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THE historic headquarters of the Durham Miners’ Association (DMA) has won a £4.5 million grant from the National Heritage Lottery Fund towards the building’s much-needed restoration.
Redhills in Durham — known as the pitmen’s parliament — opened in 1915 and played a leading role in some of Britain’s biggest industrial struggles, including the 1926 general strike and the 1984-85 strike against pit closures.
It is the base for the annual Durham miners’ gala, Britain’s biggest celebration of the labour and trade union movement.
The last pit in the Durham coalfield closed in 1994. Despite the loss of subscriptions income, the DMA continued to operate at regional and local level, supporting former miners suffering the health effects of a lifetime in the coal mining industry.
It also worked in communities devastated by pit closures and established the “Marras,” a gala friends and supporters’ organisation to keep the gala going.
But Redhills fell into disrepair.
The £4.5 million grant will give it a new life and a continuing role both in the former coalfield and nationally.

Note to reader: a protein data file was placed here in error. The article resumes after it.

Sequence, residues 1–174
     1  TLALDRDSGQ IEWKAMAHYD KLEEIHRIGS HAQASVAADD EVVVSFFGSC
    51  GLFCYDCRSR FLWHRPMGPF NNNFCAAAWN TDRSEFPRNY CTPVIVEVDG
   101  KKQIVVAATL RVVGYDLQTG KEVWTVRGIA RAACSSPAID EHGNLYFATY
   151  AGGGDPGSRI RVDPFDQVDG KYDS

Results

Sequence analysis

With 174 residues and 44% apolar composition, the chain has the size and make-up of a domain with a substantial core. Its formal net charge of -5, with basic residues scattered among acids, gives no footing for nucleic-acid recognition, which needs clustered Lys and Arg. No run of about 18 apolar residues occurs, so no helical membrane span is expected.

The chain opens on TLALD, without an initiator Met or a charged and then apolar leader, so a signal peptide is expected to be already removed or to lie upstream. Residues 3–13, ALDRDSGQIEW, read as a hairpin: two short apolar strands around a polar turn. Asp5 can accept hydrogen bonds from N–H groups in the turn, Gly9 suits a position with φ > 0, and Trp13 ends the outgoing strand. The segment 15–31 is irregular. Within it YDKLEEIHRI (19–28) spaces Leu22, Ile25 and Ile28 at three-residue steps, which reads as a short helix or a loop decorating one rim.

Durham County Council is providing £1.1m toward the £7.25m project. The DMA is raising the remaining £1.65m from trade unions and other supporters.
Restoration work will start next year.
DMA secretary Alan Mardghum said: “Though the hall has been closed to the public due to the Covid-19 pandemic, the Redhills team has been joined by a host of the region’s leading industry experts and consultants to develop detailed plans for the future of the miners’ hall.”
At its peak, the Durham coalfield had 304 deep coal mines employing 165,000 miners.
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